Through the use of carefully planned cover crop/vegetable rotations, homemade compost and intention, we focus on minimal tillage and maintaining high organic matter in our soils to retain as much of that soil moisture as possible. Recently we have realized that our plants may have come up against it in this quest – up against a hard pan, that is. Our old soils have been worked since this farm was homesteaded in 1720; over those years it’s seen lots of farming through the generations. In the market gardens we tested for subsoil compaction with a penetrometer, and at 8-12 inches deep this was stopped by the hard pan. With a hefty push, it would punch through and penetrate freely again below this compacted layer. Well to really drought proof the gardens, we wanted to allow the roots of our vegetable plants to be able to penetrate deep into the subsoil moisture reserves in dry spells.
Since the conditions encountered in the field are so varied that definite instructions would be of little value, the aim is to explain the effect of certain adjustments and leave it to the one making the adjustments to determine when they should be made. Determining the cause before attempting a remedy will simplify the task. Study the problem carefully before making any changes. There are four principal units in the Harvester-Thresher: The Heading, Threshing, Separating and Cleaning Units. Each should be considered individually to determine where loss of efficiency may be present.
I quickly discovered animals don’t need to be raised inside in atrocious conditions in order to provide meat for my family. The farmers that I spoke to were actually more akin to my mind’s eye image of Old Mac Donald’s farmer. These folks, my neighbors, enjoyed working with their animals. They gave the animals names, ensured the animals had comfortable places to sleep, and allowed the livestock to go outside on grass. Pigs were rolling in the dirt and chickens were sunning themselves, soaking up vitamin D. These were the type of farmers that I wanted to support with my family’s food dollars and this was the kind of meat that I could feel good about feeding my family.
She was everything we had dreamed of and more: a bit of light at the tip of a small mountaintop. She was old farmland, good farmland; the one lasting piece of cleared land on this one lane road surrounded by wood and state forest. The stone walls were mystifying, the pond perfectly sized, the blueberries just beginning to hold promise of fruit.
The 1938 SILVER KING is more than a NAME. It’s constructed right – only the best materials are used throughout, and the workmanship is of the highest quality. From end to end – the 1938 Silver King gives you more desired features than any other tractor. Accessible – easy to drive – the Silver King makes work a pleasure.
What could be more delicious than a fresh scone topped with jam and clotted cream of your own making with a steaming cup of tea, especially after working out in the cold and wet all afternoon? Coming up with the skills to make good tea and gorgeous scones and jam surely requires attention and practice, and learning to make clotted cream does as well.
For several reasons the number of turkeys in the United States is decreasing. According to the census of 1900 there were in the United States at that time 6,594,695 turkeys, while by 1910 the number had decreased to 3,688,708. Poultry dealers throughout the country state that the decrease has continued ever since the last census. The principal cause of the decrease is that as the population of the country increases farming becomes more intensive, and every year the area of range suitable for turkey raising is reduced. Many turkey raisers have given up the business principally because their turkeys range through the grain fields of adjacent farms and thus cause the ill will of the owners thereof.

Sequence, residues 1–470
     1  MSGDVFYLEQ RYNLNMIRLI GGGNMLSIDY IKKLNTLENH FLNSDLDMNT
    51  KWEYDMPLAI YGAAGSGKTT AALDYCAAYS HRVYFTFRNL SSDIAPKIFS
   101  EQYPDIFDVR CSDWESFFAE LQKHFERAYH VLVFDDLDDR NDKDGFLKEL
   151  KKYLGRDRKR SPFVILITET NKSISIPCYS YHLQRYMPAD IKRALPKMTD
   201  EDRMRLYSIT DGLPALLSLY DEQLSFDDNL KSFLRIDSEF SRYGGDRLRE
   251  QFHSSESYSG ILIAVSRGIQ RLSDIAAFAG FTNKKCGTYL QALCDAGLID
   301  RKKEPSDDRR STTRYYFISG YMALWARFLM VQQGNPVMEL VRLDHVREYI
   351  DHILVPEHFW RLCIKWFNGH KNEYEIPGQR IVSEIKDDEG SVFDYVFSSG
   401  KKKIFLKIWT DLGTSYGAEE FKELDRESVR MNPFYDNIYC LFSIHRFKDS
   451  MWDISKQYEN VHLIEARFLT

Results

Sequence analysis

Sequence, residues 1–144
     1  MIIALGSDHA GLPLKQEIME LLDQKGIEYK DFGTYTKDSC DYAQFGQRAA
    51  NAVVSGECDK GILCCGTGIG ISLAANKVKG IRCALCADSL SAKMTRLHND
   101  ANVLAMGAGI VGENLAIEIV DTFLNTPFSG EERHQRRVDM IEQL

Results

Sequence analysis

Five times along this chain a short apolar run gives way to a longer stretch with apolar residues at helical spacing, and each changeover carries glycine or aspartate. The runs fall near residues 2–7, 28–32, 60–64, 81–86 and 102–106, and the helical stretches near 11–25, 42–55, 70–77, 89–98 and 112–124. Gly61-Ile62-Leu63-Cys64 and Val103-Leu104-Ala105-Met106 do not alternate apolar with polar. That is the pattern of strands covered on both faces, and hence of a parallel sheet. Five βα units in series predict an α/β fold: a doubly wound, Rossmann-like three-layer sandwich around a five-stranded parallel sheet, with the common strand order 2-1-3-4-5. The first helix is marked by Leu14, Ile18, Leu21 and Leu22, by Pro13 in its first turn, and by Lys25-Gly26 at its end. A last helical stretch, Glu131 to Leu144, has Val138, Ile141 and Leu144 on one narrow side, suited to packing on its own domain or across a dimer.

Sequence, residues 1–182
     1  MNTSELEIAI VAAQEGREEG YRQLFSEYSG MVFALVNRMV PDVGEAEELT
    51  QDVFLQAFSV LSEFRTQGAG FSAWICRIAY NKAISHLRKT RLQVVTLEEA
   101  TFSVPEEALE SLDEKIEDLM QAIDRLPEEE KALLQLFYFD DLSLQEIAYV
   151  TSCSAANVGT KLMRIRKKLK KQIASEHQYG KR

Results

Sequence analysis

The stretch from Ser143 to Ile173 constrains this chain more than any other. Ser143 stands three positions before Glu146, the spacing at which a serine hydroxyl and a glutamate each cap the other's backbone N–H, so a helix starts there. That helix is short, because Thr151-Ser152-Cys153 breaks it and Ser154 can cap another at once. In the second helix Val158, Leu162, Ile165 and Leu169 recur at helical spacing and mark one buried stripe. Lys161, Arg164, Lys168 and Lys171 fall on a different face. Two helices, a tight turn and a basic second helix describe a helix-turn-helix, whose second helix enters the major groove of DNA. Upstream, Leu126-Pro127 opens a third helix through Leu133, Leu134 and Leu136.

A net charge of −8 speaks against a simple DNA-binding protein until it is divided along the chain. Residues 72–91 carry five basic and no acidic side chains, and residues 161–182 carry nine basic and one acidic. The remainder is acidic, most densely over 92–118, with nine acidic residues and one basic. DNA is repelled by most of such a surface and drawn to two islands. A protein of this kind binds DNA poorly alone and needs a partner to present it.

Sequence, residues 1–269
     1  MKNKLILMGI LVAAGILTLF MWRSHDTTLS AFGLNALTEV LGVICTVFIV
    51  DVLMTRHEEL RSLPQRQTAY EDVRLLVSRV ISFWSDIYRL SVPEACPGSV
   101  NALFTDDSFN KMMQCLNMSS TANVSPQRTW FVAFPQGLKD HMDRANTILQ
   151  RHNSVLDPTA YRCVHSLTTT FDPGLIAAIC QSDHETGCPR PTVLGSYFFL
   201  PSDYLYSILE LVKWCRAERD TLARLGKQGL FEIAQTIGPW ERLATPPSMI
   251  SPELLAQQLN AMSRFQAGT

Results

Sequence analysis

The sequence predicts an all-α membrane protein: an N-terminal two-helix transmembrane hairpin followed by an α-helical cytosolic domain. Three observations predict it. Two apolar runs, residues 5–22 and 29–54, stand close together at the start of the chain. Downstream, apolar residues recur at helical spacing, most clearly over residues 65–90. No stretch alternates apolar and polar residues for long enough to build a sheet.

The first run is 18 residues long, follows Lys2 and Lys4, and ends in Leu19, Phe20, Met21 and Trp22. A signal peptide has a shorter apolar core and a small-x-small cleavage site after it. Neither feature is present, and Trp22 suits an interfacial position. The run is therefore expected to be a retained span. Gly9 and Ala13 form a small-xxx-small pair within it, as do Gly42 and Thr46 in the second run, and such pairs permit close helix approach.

Our compost piles will age for at least a year before being added to the garden. We have learned that the slow aging is more beneficial to the decomposition process as well as not losing nearly as much nitrogen to off-gassing as happens with the hot and fast methods. Another benefit is the decomposition is much more thorough, destroying weed seeds, pathogens and any unwanted chemicals much better in a slower composting setup.
Many amateur fruit growers are concerned at times because their trees do not begin to bear as soon after being planted as they had expected or do not bear as abundantly as they wish. In some cases after bearing for a period of years the trees cease to produce, or bear irregularly. While sometimes, the reason for a fruit tree not bearing may be obscure and not explainable on any known basis, in the majority of cases such failure is due to some one of several well recognized factors. The more common of these are here briefly discussed.
The wild turkeys of North America can be considered a truly miraculous group of birds. Their populations numbered in the untold millions prior to the arrival of the European settlers in the 1500’s. The next three hundred plus years saw them nearly exterminated due to rapid habitat loss and totally unregulated hunting pressure. They actually became extinct in over fifteen states where they had previously been abundant and their decline continued well into the twentieth century. Luckily, with the passage of the Pittman Robertson Wildlife Restoration Act in 1937, along with the foundations of the Wildlife Society and the National Wild Turkey Federation there has been a steady reestablishment of our nearly national bird, which it would have been had it been left up to Benjamin Franklin. Relocations and the careful management and stewardship by both wildlife experts and sportsmen along with farmers, ranchers, and landowners have been largely responsible for the advancements in the numbers of their populations and the locations of the wild turkeys.